"The practice of the trial judge calling a jury in and lecturing them after they have failed to agree upon a verdict is condemned by this Court and if improper remarks are made that may tend to coerce the jury in arriving at a verdict, the case should be reversed.
"Not every improper remark justifies reversal, but if said remarks are such that cause the doubt as to whether defendant was prejudiced by said remarks, that doubt should be resolved in favor of the defendant.
"Since jurors are prone to place much credence upon remarks of trial judge, and his position merits said respect, he should refrain from making remarks that might be interpreted as coercion upon the jury." at 658
In Wishard v. State, 5 Okl.Cr. 610, 115 P. 796 (1911), this Court in dictum stated:
"The length of time during which a jury should be required to consider a case is within the sound discretion of the trial court, and this court will not interfere with the exercise thereof, unless manifestly abused. It is impossible to state any rule by which to determine what language by the court is sufficiently coercive to invalidate a verdict. This depends upon the circumstances of each case. . .
"It is the duty of the court to detain the jury until satisfied that failure to agree springs from that cause, and that alone. It must then be left to the sound discretion of the trial judge to determine how long the jury shall be detained, and what, if anything, shall be said as to the probable length of the detention. Unless this judicial discretion is abused, the verdict should stand." at 809
¶12 Under the particular circumstances of this case, we conclude that the remarks of the trial court to the jury of which the defendant now complains were not sufficiently coercive to invalidate the verdict, but we are constrained to observe that the remarks of the trial court are not to be commended. For all the above and foregoing reasons we reject the defendant's first assignment of error.
¶13 The defendant's second assignment of error asserts that the prosecuting attorney in his closing argument to the jury made various remarks which were prejudicial to the defendant. The first remark of the prosecutor of which the defendant now complains was not objected to at trial and is, thus, improperly preserved for review. See, Poke v. State, Okl.Cr., 515 P.2d 252 (1973), and Haywood v. State, Okl.Cr., 509 P.2d 173 (1973).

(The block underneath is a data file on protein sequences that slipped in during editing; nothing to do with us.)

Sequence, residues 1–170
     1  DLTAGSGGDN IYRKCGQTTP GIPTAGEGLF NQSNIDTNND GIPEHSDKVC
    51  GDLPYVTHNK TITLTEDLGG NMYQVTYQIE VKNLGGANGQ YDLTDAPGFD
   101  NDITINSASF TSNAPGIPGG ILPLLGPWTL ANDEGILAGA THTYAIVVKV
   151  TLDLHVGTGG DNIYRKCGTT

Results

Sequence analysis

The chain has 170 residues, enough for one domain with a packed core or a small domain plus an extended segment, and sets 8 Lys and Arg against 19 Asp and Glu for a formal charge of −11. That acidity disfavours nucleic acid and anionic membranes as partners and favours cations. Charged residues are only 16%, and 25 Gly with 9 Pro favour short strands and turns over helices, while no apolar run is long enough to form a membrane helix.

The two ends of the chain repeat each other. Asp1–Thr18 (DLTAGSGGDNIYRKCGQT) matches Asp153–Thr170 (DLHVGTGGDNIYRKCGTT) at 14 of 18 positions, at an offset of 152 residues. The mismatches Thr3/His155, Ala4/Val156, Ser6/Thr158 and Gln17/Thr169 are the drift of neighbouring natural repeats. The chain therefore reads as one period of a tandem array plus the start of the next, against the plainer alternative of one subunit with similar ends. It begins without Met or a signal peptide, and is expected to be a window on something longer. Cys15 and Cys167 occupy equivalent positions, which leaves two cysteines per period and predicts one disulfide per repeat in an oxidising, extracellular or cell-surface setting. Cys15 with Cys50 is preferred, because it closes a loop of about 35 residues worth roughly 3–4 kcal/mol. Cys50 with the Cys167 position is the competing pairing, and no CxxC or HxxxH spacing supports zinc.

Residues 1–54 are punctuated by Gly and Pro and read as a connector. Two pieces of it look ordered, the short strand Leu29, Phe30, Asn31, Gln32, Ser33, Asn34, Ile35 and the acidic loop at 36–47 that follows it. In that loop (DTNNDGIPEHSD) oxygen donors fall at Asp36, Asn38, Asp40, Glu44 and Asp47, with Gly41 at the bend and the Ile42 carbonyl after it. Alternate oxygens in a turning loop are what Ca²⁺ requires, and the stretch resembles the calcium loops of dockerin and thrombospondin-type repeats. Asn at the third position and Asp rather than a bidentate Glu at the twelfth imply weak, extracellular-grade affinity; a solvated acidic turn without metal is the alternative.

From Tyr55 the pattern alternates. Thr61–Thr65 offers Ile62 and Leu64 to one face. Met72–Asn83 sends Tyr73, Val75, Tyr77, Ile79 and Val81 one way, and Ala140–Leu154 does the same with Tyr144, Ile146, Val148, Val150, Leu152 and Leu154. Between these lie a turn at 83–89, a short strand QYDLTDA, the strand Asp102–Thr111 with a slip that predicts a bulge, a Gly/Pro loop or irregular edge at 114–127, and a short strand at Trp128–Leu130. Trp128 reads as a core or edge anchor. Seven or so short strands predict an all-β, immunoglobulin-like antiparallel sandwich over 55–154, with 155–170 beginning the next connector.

¶14 We have also carefully examined the closing argument of the prosecutor in the instant case and although the argument is not a model for emulation we do not find that the defendant was manifestly prejudiced by the argument. See, Atkins v. State, 91 Okl.Cr. 47, 215 P.2d 569 (1950), Battle v. State, Okl.Cr., 478 P.2d 1005 (1970), and Glover v. State, Okl.Cr., 524 P.2d 51 (1974). Therefore, we find this assignment of error to be without merit.
¶15 In his third assignment of error, defendant asserts the accumulation of errors and irregularities in the trial, when considered as a whole, deprived the defendant of a fair and impartial trial. See, Lovell v. State, Okl.Cr., 455 P.2d 735 (1969). However, in Haney v. State, Okl.Cr., 503 P.2d 909 (1972), the appellant contended that his first three propositions of error, considered collectively, would support the proposition that the case should be reversed. In Haney v. State, supra, if the previous propositions of error were without merit, it follows that the last proposition which asks that the previous propositions be considered collectively would also be without merit. In the instant case in light of this Court's disposition of the defendant's first two assignments of error, it follows that the third assignment of error is similarly without merit.
¶16 The defendant's final assignment of error asserts that the sentence is excessive and contrary to law The docket sheet in the instant case reflects that the trial court sentenced the defendant to an indeterminate sentence of twenty (20) years to Life imprisonment in accordance with 21 O.S.Supp. 1975 § 701.4 [21-701.4]. However, the judgment and sentence in the instant case reflects that the trial court sentenced the defendant to fifty (50) years' imprisonment with said sentence to run concurrently with CRF-75-412 and CRF-75-436.
¶17 Title 21 O.S.Supp. 1975 § 701.4 [21-701.4], states:
"Every person convicted of murder in the second degree shall be punished by imprisonment in the State Penitentiary for not less than 10 (10) years nor more than life. The trial court shall set an indeterminate sentence in accordance with this section upon a finding of guilty by the jury of murder in the second degree."
The sentence in the instant case does not comport with the provisions of § 701.4. This Court has the power to reverse, affirm or modify a judgment appealed from, and may, if necessary or proper, order a new trial. See, 22 O.S. 1971 § 1066 [22-1066]. Thus, this Court would have the power to modify the judgment and sentence in the instant case, but the Court would not have any authority to add to the sentence imposed.
¶18 We have no alternative, therefore, other than to REMAND the cause with instructions to the trial court to resentence the defendant in conformity with the provisions of 21 O.S.Supp. 1975 § 701.4 [21-701.4]. See, Dunbar v. State, 15 Okl.Cr. 513, 178 P. 699 (1919).
¶19 For the reasons herein stated, the cause is REMANDED to the District Court, Tulsa County, with instructions to the trial court to resentence the defendant on the verdict of the jury returned in this case, in accordance with the provisions of 21 O.S.Supp. 1975 § 701.4 [21-701.4]. In all other respects the judgment and sentence appealed is, accordingly, AFFIRMED.
BRETT, P.J., and BUSSEY, J., concur.